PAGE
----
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Updated: March 29, 2014 20:42 IST
Lok Sabha Elections 2014

No rule prevents CPI(M) from joining a government at Centre: Karat

Anita Joshua
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CPI(M) General Secretary Prakash Karat during an interview in New Delhi on Saturday. Photo: Monica Tiwari.
The Hindu CPI(M) General Secretary Prakash Karat during an interview in New Delhi on Saturday. Photo: Monica Tiwari.

Communist Party of India (Marxist) general secretary Prakash Karat on Saturday maintained that there was no “hard and fast rule'' against the party joining a government at the Centre but participation would depend on the need of the hour and the specific situation facing the country.

The party has in the past given outside support to four coalition governments at the Centre — Janata Party, National Front, United Front and United Progressive Alliance – but has never joined in any of the ministries. The party has been averse to the idea of joining any government unless it had the numbers to influence policies.

The CPI(M) had turned down an opportunity to have Jyoti Basu as premier in 1996; a decision later described by the then West Bengal Chief Minister as a “historic blunder''. The CPI, on the other hand, joined the United Front Government in 1996.

In an interview with The Hindu, Mr. Karat's reply to a question on whether the CPI(M) would join a non-Congress non-BJP government was: “It depends. It's no use going into a hypothetical situation right now. It will all depend on the results and the performance of all the non-Congress non-BJP parties. What sort of an alternative we can present, how coherent it will be, whether we can arrive at a common understanding for a common programme.''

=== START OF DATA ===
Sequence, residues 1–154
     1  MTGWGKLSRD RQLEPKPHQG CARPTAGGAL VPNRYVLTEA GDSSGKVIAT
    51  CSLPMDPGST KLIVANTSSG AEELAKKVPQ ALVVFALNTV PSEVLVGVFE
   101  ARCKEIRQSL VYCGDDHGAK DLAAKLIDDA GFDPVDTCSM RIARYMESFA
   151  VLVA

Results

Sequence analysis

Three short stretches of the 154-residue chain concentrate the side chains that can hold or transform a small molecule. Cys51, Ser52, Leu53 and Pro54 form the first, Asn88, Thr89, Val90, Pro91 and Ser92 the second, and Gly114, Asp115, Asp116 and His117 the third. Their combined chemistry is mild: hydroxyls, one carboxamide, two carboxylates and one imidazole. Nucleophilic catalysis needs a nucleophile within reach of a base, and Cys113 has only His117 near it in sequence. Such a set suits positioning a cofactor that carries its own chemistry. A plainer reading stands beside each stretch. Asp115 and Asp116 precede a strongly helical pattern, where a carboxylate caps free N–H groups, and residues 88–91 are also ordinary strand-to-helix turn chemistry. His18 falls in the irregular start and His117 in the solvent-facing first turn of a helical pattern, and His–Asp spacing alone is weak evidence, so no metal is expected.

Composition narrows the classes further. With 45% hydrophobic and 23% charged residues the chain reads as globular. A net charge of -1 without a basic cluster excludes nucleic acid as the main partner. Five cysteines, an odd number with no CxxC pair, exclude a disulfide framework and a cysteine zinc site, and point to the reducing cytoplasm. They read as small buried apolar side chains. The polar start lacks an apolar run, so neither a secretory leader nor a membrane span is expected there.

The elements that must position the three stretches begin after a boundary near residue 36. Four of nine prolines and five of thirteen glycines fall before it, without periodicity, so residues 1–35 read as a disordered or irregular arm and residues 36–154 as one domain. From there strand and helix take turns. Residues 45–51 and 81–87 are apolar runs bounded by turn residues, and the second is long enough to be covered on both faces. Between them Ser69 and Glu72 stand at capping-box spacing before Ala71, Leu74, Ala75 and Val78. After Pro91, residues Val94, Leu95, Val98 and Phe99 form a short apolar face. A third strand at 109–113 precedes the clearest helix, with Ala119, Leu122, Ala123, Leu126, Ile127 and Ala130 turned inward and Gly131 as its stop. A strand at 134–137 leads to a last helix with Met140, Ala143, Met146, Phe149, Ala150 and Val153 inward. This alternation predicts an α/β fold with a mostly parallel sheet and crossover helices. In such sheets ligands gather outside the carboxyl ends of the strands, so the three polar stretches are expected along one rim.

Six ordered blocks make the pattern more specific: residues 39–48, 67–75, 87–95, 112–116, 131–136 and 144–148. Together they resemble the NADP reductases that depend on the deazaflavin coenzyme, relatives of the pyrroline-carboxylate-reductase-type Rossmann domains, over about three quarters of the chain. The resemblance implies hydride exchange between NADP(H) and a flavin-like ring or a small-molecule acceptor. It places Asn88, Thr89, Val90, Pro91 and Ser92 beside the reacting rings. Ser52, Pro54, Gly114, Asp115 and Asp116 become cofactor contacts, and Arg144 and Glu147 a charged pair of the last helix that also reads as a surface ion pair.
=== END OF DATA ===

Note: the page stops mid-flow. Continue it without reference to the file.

All this, Mr. Karat added, would be factored in. “On that basis, our party can take a decision. We have no hard and fast rule on this; it depends on the need and specific situation.''

Though the issue of Left joining a future government, according to former CPI general secretary A. B. Bardhan, has not been discussed among the Left parties in the recent past, the veteran Communist insisted that “dogmatic positions'' like the one held by the CPI(M) in the past “cannot be carried over to the next elections''. However, he pointed out that this was a hypothetical question and the issue of whether or not to participate in a non-Congress, non-BJP alternative government at the Centre would be decided only when the situation arose.

Sir, What is the situation there to forecast. Left parties have nothing to support any
government as there are mushroom parties emerged and the voter is confused to
which party he has to vote.
If the voter has seen through the game plan of these selfish parties,promising
heaven at election times, forgetting them afterwards ,making themselves fat, he
should introspect himself,make no mistake in voting the unworthy,and elect only
honest, simple and service minded candidates.Not caste or religion should be
seen.this is a revival of true democracy by the civilians.youth should take part in
voting and reverse the trend of mobocracy.then only we can find a change in the
ruling pattern or leaders..

from:  kvl shanta
Posted on: Mar 30, 2014 at 07:58 IST

There is one hard and fast rule for the communists to join the government and that is to win a reasonable number of seats.

In my view communists were a failure in the democratic governance process, but are good in writing opinions for newspaper and other such things...maybe they can concentrate on this post elections...:)

from:  praveen nair
Posted on: Mar 30, 2014 at 00:09 IST

Marxists are popular for their historic blunders. In 1962 war with China, their role was allegedly anti-national and top leaders were
detained under Defence Of India Rules. The credit for having helped
UPA government on crucial occasions belongs to Marxists. That is why
they lost political identity and now their national party recognition
is at stake.

from:  kns
Posted on: Mar 29, 2014 at 23:26 IST
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